Are you a disorganized person? Is your mind always thinking of more than two or three things at the same time? Do you get feelings of being ‘very busy’, yet find that you accomplished very little at the end of the day?
Everyone knows that there’s just too much information vying for our time and too much cluttering our brain. And often we may have ideas flying through our minds, crying to be captured, yet getting lost in the bustle of too many things to do. Well, the Tempo team uncovered something that could be just the thing to help get those thoughts in order and get your brilliant ideas organized. It’s called The Bullet Journal.
You only need two things: a notebook and a pen!
The technique is all in the form of “rapid logging”. The way we tend to do things is to write everything over and over again, until we do it. This becomes a chore.
“Rapid logging” involves just keying in the important points without having to expound on stuff.
It consists of four key components: Topics, Page Numbers, Short Sentences, and Bullets.
Topics and Page Numbers
These two go hand in hand every time you write on a page of your journal. The topic is a direct title of anything – it could be a date, a meeting, the name of your pet… it could be anything under the sun. Usually beginners place a date to start getting organized.
You then put a page number so you know where you placed the content. As you go along, you begin to develop the habit of putting a topic and a page number for each page that goes in your journal.
Bullets and Short Sentences
This part is the central theme of the “Bullet Journal” – as it’s aptly named. Each item contains a short sentence containing one of three categories: Tasks, Events, and Notes with an addition of Signifiers if needed.
Task bullets represented by “•” will be an actionable item you have to do. Eg “change the beddings” “look for gifts for Mom on Souq”. Depending on completion and how your day goes, you then get to mark each item on the Tasks Bullets as follows:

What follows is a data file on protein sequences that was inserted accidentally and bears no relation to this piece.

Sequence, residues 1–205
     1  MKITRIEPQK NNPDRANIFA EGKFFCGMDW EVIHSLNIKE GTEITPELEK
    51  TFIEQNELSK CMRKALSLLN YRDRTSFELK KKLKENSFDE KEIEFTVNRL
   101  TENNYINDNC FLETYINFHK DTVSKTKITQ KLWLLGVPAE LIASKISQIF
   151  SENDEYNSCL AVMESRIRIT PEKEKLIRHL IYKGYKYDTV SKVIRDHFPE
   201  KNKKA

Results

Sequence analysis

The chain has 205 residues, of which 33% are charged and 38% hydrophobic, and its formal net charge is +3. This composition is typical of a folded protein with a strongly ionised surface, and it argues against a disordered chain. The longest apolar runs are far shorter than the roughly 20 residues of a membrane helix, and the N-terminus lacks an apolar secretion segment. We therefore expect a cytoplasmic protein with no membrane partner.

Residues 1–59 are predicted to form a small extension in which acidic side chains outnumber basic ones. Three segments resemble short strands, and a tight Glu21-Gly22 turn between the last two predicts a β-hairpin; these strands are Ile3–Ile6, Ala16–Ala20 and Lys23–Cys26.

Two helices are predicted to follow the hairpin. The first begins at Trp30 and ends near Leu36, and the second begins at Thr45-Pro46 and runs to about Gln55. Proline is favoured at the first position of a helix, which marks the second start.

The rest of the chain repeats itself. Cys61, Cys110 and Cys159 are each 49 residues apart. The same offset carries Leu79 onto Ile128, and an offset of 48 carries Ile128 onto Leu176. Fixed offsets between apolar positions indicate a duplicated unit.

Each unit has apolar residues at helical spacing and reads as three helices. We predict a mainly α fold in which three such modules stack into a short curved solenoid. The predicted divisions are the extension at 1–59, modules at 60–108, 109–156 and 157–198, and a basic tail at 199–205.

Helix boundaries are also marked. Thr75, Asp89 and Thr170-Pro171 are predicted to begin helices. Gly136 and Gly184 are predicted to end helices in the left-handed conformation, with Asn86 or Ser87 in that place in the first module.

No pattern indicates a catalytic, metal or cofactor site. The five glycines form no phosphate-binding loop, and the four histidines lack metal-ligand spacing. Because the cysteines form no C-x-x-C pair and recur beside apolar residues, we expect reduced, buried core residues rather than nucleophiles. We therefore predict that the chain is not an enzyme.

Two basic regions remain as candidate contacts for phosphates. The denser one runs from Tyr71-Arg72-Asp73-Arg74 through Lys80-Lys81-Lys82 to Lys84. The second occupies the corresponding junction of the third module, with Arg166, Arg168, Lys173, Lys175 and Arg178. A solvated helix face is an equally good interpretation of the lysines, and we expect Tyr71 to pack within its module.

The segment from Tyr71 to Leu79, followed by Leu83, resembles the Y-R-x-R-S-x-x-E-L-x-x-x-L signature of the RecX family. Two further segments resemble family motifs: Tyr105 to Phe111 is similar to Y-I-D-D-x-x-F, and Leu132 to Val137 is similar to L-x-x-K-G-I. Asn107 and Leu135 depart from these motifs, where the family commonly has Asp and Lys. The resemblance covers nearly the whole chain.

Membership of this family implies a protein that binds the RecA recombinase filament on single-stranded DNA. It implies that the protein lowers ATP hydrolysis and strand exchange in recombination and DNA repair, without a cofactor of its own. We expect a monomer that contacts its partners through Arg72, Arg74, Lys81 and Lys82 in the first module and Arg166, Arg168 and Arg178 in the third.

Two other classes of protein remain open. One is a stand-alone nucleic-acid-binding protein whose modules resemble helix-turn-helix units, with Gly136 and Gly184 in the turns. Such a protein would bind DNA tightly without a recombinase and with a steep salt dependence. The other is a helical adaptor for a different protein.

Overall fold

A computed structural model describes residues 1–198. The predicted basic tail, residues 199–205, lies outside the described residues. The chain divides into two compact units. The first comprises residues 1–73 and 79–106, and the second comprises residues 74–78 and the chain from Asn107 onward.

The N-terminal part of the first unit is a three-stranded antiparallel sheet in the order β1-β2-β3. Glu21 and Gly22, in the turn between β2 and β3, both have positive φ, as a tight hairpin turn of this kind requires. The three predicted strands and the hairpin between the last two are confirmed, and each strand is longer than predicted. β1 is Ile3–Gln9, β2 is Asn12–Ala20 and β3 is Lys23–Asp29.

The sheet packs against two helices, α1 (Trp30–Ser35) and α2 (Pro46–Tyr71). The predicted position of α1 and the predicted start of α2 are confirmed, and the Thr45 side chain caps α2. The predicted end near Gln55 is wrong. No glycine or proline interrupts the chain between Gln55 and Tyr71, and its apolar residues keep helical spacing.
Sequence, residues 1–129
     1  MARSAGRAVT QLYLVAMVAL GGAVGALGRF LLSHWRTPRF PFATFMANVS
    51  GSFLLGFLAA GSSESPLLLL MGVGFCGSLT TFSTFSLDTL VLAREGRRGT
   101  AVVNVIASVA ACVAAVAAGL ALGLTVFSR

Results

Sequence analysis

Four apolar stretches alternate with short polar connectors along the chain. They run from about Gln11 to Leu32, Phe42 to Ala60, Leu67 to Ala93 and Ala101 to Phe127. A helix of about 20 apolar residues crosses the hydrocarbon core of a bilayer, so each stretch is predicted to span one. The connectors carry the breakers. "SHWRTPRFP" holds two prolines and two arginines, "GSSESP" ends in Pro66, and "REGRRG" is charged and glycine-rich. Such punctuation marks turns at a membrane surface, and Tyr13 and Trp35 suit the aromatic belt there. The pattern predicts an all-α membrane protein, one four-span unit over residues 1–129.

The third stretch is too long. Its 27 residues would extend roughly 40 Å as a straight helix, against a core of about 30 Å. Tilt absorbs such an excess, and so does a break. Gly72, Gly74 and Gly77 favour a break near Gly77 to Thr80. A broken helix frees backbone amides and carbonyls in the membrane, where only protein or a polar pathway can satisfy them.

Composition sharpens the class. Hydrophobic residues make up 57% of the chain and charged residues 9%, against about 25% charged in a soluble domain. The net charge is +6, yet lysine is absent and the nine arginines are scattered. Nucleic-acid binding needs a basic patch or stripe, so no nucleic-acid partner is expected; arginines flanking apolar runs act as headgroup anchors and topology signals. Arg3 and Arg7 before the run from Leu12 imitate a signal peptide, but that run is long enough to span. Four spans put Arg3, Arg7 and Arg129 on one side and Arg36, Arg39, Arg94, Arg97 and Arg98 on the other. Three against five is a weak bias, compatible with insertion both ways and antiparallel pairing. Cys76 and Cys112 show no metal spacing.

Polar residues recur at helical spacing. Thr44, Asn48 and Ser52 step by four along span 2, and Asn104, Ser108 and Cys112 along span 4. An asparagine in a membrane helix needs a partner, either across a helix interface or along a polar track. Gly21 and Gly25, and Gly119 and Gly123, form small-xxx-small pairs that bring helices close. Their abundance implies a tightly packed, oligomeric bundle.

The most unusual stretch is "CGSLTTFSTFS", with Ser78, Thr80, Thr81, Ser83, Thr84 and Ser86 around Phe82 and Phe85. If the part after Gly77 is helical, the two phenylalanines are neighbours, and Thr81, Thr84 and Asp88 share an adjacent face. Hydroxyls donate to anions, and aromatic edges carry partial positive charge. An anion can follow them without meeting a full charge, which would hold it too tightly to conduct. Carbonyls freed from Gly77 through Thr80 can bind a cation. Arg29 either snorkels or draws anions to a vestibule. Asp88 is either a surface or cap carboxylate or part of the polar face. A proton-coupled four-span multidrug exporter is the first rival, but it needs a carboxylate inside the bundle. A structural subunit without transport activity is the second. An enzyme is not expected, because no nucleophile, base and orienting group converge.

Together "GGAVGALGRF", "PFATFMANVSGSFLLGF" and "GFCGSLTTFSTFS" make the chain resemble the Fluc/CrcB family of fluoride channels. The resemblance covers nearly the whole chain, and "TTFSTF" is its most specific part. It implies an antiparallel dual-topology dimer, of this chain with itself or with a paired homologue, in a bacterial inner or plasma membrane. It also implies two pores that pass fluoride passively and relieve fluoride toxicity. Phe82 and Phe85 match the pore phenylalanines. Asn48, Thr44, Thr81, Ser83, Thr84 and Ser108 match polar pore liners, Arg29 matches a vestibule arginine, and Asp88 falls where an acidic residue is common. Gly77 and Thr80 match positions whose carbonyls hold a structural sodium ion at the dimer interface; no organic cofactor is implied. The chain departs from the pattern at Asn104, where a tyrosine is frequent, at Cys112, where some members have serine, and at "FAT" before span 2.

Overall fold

- X = Task Complete – if you managed to complete the task
- > = Task Migrated – if you did not complete it and you just intend to do it at another day.
- < = Task Scheduled – if you did not do it the day before and promised yourself to do it today.
Events are represented by an “O” Bullet. Usually these are date-related entries that could only occur at a certain day within a week, month, or the year. Either that or something unexpected happened.
Notes are represented with a dash “-“ Notes include: facts, ideas, thoughts, and observations. Notes are entries that you want to remember, but aren’t immediately or necessarily actionable. This Bullet works well for meeting, lecture, or classroom notes.
Basic signifiers include:
Priority represented by an asterisk “*”
Inspiration represented by an exclamation point “!”
Explore represented by an eye: an O with a period in the middle.
Now that we’re done with the single page bullets, we can now proceed with the Framework of the Bullet Journal. They are: Index, Future Log, Monthly Log, Daily Log.
The index comprises of the first few pages of your Bullet Journal. It acts like your very own table of contents.
The future log is a collection of things you wish to plan months or years ahead in advance.
The monthly log helps you get organized on the things you need to do for an entire month. Consisting of only dates and single bullets, you pinpoint the most important tasks of that day.
The Daily Log is designed for day-to-day use. At the top of the page, record the date as your topic. Throughout the course of the day, simply Rapid Log your Tasks, Events, and Notes as they occur. If you don’t fill a page, add the next date wherever you left off and you’re ready to continue.
The Bullet Journal was created by Ryder Carroll, a digital product designer from New York. You can check the full guide here: bulletjournal.com
Have you created your Bullet Journal yet? Share with us a page of your Bullet Journal along with a selfie, and explain how it transformed your life and we’ll feature it in the next Tempo!
All images and info taken from www.bulletjournal.com